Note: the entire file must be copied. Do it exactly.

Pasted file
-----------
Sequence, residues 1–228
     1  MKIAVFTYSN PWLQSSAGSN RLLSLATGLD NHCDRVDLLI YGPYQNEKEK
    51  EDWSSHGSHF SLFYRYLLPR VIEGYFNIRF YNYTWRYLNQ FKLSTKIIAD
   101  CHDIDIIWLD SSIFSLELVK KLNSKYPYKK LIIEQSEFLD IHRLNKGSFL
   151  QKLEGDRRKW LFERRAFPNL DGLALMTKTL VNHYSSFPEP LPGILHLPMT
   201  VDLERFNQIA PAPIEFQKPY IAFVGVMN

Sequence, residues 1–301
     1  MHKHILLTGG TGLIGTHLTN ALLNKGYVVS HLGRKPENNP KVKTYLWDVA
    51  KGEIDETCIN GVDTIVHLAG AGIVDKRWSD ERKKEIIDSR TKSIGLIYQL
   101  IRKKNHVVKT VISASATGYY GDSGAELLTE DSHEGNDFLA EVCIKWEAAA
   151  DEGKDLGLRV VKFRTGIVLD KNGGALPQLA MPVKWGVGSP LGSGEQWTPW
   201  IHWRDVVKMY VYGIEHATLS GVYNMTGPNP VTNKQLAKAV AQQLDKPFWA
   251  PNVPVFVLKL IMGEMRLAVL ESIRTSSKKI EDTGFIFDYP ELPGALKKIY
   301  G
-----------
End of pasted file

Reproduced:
Sequence, residues 1–228
     1  MKIAVFTYSN PWLQSSAGSN RLLSLATGLD NHCDRVDLLI YGPYQNEKEK
    51  EDWSSHGSHF SLFYRYLLPR VIEGYFNIRF YNYTWRYLNQ FKLSTKIIAD
   101  CHDIDIIWLD SSIFSLELVK KLNSKYPYKK LIIEQSEFLD IHRLNKGSFL
   151  QKLEGDRRKW LFERRAFPNL DGLALMTKTL VNHYSSFPEP LPGILHLPMT
   201  VDLERFNQIA PAPIEFQKPY IAFVGVMN

Sequence, residues 1–301
     1  MHKHILLTGG TGLIGTHLTN ALLNKGYVVS HLGRKPENNP KVKTYLWDVA
    51  KGEIDETCIN GVDTIVHLAG AGIVDKRWSD ERKKEIIDSR TKSIGLIYQL
   101  IRKKNHVVKT VISASATGYY GDSGAELLTE DSHEGNDFLA EVCIKWEAAA
   151  DEGKDLGLRV VKFRTGIVLD KNGGALPQLA MPVKWGVGSP LGSGEQWTPW
   201  IHWRDVVKMY VYGIEHATLS GVYNMTGPNP VTNKQLAKAV AQQLDKPFWA
   251  PNVPVFVLKL IMGEMRLAVL ESIRTSSKKI EDTGFIFDYP ELPGALKKIY
   301  G